It has been nearly four years since I first considered walking away from the Mennonite church. The urge came on a Wednesday night, the June after my high school graduation, sitting in youth group preparing for another MCUSA convention. It was my sixth national Mennonite convention, each prior one a cherished memory of my childhood. This time our destination was Columbus, Ohio.
We sat as a youth group, preparing for the upcoming trip, discussing travel itineraries and setting expectations for the week. After covering many mundane details the Youth Pastor took a deep breath and the demeanor of the room changed. The room got very serious and the warning he was about to give us, I’m sure, felt very serious to him. “Leave your pink at home.” These words, referencing Pink Menno’s initial presence in Columbus, changed my relationship with the Mennonite church forever.
It had been almost six months since I had started self-identifying as gay. Most of my close friends knew, but only one or two people at church knew. While Pink Menno would eventually come to be a symbol of hope for me in the Mennonite church, it was a difficult road to my being able to claim my own ‘pinkness.’
I timidly went out a purchased a pink polo for convention so that I could wear it, making my first attempt at standing with the oppressed – standing with my own identity. I wore it that week in Columbus, but avoided all the other Pink Menno events to the best of my ability. As the Youth Pastor was also my father, I was afraid to make too public a statement about the inclusion of LGBTQ people in the church.
Columbus was not a hopeful convention. That week was awful. I felt like I had no one to talk to about what I was going through. As convention speaker after convention speaker spoke about the love of God and God’s desire to be in relationship as we are, many in my youth group made it crystal clear that who I am as a gay man was not welcome in their church. I was ready to walk away from the church. I saw the church as a place of great pain, exclusion, and hypocrisy.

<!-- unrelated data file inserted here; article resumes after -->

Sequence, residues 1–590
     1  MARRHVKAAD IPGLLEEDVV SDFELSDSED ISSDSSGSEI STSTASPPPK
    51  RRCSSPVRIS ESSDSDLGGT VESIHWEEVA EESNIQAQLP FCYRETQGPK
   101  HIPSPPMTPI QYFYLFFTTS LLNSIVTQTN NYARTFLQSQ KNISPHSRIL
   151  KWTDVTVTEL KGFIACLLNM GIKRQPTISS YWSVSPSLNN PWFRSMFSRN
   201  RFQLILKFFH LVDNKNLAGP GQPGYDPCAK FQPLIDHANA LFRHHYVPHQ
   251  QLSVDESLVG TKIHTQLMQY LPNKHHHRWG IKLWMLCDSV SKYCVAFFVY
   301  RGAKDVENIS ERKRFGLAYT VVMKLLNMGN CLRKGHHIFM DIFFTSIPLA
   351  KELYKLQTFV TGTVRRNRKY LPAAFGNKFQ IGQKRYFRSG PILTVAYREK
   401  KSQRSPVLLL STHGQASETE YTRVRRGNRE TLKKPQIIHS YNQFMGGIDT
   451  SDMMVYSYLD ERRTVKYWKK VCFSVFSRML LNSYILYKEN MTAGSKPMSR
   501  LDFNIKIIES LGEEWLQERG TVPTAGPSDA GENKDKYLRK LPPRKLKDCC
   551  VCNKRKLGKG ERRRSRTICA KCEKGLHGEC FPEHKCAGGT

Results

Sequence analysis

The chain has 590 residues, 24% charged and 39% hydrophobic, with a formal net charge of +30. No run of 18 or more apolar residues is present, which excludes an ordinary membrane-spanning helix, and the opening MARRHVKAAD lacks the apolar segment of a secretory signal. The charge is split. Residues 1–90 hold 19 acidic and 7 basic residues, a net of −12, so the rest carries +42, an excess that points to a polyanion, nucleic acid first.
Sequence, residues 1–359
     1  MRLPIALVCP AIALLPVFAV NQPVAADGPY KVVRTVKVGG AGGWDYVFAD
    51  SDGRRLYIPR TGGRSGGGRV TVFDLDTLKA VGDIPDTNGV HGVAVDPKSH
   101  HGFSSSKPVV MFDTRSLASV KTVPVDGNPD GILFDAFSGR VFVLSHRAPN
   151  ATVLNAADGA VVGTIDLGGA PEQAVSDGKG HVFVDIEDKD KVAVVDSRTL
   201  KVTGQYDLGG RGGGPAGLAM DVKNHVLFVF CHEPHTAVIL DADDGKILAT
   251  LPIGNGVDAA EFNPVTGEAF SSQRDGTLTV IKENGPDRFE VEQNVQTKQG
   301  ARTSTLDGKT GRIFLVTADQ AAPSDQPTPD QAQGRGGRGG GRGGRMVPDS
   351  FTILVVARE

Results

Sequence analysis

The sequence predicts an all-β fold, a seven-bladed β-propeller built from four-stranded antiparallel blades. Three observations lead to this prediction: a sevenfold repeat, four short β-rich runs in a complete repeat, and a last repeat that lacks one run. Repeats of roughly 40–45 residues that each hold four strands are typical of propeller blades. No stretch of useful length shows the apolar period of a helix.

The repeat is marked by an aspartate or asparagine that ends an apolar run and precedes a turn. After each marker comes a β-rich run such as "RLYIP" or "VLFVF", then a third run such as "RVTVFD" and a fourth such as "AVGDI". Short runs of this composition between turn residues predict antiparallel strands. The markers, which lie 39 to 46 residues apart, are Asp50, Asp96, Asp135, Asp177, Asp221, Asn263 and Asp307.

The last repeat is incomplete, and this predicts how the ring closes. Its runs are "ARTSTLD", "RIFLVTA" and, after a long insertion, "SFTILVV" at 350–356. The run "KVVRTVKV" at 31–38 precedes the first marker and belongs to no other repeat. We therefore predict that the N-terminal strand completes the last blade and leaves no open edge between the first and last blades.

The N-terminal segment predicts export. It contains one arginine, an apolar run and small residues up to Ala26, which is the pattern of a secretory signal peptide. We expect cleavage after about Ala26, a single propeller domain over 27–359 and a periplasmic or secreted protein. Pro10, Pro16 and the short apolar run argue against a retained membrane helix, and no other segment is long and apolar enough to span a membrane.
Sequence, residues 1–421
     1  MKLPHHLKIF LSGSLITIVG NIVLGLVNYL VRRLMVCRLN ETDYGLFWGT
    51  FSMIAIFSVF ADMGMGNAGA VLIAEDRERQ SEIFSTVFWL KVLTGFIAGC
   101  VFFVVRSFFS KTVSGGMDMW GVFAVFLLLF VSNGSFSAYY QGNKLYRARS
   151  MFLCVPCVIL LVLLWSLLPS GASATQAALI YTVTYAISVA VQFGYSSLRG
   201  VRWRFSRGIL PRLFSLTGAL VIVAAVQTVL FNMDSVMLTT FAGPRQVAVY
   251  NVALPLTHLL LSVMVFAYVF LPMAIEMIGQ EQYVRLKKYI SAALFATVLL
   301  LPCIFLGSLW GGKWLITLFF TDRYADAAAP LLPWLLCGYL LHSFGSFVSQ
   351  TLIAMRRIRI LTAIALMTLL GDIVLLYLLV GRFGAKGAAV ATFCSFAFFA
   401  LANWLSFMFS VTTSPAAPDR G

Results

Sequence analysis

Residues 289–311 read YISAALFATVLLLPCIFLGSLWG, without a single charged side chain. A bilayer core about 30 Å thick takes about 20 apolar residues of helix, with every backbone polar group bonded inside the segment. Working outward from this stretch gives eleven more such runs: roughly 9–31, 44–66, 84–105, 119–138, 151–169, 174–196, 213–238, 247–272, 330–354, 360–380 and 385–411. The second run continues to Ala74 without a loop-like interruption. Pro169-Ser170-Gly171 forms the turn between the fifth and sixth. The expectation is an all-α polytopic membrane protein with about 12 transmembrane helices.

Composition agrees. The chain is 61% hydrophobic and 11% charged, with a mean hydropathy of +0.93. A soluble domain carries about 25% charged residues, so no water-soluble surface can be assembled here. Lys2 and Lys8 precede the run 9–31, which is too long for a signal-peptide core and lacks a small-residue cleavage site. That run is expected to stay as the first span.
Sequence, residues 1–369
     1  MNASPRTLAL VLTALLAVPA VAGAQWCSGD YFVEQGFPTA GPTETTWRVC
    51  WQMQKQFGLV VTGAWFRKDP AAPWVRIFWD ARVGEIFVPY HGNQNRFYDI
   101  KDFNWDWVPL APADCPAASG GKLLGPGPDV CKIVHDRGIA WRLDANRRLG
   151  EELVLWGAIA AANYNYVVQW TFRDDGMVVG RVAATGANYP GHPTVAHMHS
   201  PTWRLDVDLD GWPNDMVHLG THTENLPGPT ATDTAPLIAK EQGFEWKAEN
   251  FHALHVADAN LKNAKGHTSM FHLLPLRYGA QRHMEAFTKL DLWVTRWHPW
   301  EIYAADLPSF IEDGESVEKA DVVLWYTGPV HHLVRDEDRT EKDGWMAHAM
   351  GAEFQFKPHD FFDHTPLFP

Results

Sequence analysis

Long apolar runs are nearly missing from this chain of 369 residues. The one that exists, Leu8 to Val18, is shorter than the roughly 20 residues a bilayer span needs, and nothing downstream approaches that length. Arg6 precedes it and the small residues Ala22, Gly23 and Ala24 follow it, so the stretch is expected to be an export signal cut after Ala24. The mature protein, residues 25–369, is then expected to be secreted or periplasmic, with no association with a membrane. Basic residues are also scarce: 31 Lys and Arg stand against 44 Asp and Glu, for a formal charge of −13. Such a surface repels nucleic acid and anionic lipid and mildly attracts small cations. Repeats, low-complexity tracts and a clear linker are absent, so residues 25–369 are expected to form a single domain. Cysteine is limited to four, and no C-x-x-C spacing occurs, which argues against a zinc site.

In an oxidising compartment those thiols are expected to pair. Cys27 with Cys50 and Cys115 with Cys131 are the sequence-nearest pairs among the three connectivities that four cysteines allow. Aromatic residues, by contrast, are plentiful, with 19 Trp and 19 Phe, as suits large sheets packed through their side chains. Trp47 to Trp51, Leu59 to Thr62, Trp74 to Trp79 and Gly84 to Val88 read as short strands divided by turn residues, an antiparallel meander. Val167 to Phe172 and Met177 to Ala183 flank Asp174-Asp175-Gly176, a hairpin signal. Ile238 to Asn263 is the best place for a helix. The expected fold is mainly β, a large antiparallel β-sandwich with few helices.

It wasn’t until a month later, at the Mennonite World Conference that I found a sense of healing and hope in the Mennonite church. It was MWC that renewed my appreciation for the church community and the work that was happening around the world. As I shared in worship with global church members, I knew I wasn’t ready to walk away from the church. MWC reminded me that even though the church sometimes fails to show Christ-like love, for many the church provides a place of sacred community and serves as the hands and feet of Christ around the world.
Now, almost four years later, I am preparing for yet another convention. Since the convention in Columbus, I have found healing and reconciliation with parts of the church community. I have found welcome at a small congregation in Harrisonburg, Va. I have also found my voice as a member of the church. For much of this, I owe a great deal of thanks to Pink Menno, which has continued to be a source of hope when life has been rough.
There are many days when I want to simply be content with the welcome that I have found for myself, but there has been a continued voice that tells me that there is still work to do. I really thought I was done with national conventions after Pittsburgh. Yet here I am, preparing for Phoenix, because I know that there are many who still feel marginalized in their churches. Like I felt in Columbus, there are those who feel like they have no one to talk to about their identity and that they cannot be accepted for who they are. Now, four years later, as a part of Pink Menno, I look forward to holding out my hand to make sure that all people find their welcome at the table and find the church to be a place of hope, rather than marginalization.
Thanks for sharing a bit of your story!
Thanks for being youself . You are a gift to the Mennonite Church
THANK YOU for sharing. When I hear about the rejection that many LGBTQ youth (and any age) feel in the Mennonite Church, my heart aches. I am so glad you are “hanging in there” and I know you will be a gift to others. Love and prayers for your continuing healing and hope, Joyce Hostetler